Demonstrators rally in downtown Kiev, Ukraine, on Sunday, Dec. 1, 2013. (AP Photo/Ivan Sekretarev) The Associated Press
On Feb. 26, Dr. Angela Kachuyevski, assistant professor of political science and an expert on Ukraine and Russia, provided insight into the Euromaidan revolution in Ukraine.
Describing Ukraine’s centuries-old, complex history, Kachuyevski notes “Even its name, Ukrayina, means ‘on the edge,’” reflecting Ukraine’s geographic, cultural, and political location between central Europe and Russia.
Protesters filled Kiev’s Independence Square, known as Maidan, in late November when then-president Viktor Yanukovych abruptly switched course. Instead of signing the Association Agreement that had been years in the making and meant to align Ukraine with the European Union, Yanukovych opted to explore the possibility of greater economic cooperation with Russia, securing a large loan from Moscow to ease economic crisis in Ukraine. This surprising move resulted in widespread peaceful protests that over months escalated into civil unrest, demands for an end to corruption, and calls for the resignation of the entire government.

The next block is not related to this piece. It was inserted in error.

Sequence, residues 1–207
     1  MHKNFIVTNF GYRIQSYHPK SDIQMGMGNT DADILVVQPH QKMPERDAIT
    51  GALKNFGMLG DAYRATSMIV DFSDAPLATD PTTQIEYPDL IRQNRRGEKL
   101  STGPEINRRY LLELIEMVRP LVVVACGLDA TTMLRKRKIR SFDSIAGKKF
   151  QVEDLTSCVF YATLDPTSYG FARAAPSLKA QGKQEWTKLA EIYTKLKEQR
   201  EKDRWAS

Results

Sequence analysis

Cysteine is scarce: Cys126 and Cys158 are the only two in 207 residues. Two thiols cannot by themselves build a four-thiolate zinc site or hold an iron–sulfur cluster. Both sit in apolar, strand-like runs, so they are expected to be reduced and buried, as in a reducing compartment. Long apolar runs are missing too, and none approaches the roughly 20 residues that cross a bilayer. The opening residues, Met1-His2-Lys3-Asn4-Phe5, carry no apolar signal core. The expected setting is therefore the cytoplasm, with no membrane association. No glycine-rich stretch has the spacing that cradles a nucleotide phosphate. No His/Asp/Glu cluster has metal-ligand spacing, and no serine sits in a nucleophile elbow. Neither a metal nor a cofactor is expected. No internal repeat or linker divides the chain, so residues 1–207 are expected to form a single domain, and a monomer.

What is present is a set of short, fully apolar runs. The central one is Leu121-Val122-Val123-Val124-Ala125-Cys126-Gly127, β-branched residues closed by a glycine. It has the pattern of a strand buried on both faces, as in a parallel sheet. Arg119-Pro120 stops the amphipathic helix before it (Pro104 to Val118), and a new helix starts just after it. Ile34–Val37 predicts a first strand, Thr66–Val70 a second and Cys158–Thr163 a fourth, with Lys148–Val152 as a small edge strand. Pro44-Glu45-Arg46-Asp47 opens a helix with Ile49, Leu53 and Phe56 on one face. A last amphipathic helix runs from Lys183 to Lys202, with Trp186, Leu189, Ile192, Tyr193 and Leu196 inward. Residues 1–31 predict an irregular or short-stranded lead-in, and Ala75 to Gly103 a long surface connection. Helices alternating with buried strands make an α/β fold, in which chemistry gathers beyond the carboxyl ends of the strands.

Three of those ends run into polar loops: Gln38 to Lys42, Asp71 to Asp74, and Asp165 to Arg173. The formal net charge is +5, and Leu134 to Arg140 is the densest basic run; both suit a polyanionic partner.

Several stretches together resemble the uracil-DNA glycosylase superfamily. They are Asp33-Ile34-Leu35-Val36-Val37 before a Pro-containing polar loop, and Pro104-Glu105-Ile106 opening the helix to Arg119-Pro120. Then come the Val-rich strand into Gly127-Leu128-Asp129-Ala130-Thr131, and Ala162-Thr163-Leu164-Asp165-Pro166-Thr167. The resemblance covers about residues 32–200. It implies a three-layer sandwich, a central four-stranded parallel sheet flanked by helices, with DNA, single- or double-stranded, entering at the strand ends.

Events took a dramatic turn Feb. 18-20 when government forces opened fire on demonstrators, resulting in the deaths of nearly 100 people. Soon after reaching a political settlement on Feb. 21, Yanukovych fled the capital and remains a fugitive due to the warrant issued for his arrest on Feb. 24.
“This is not an ethnic conflict,” emphasizes Kachuyevski. “The violence is from a repressive government using force against the people.”
Even as a new leader prepares to take the helm and signs of separatism erupt in Crimea and other parts of the country, Kachuyevski hones in on the key issue of the Euromaidan revolution: Ukraine’s future in Europe and its relationship with Russia.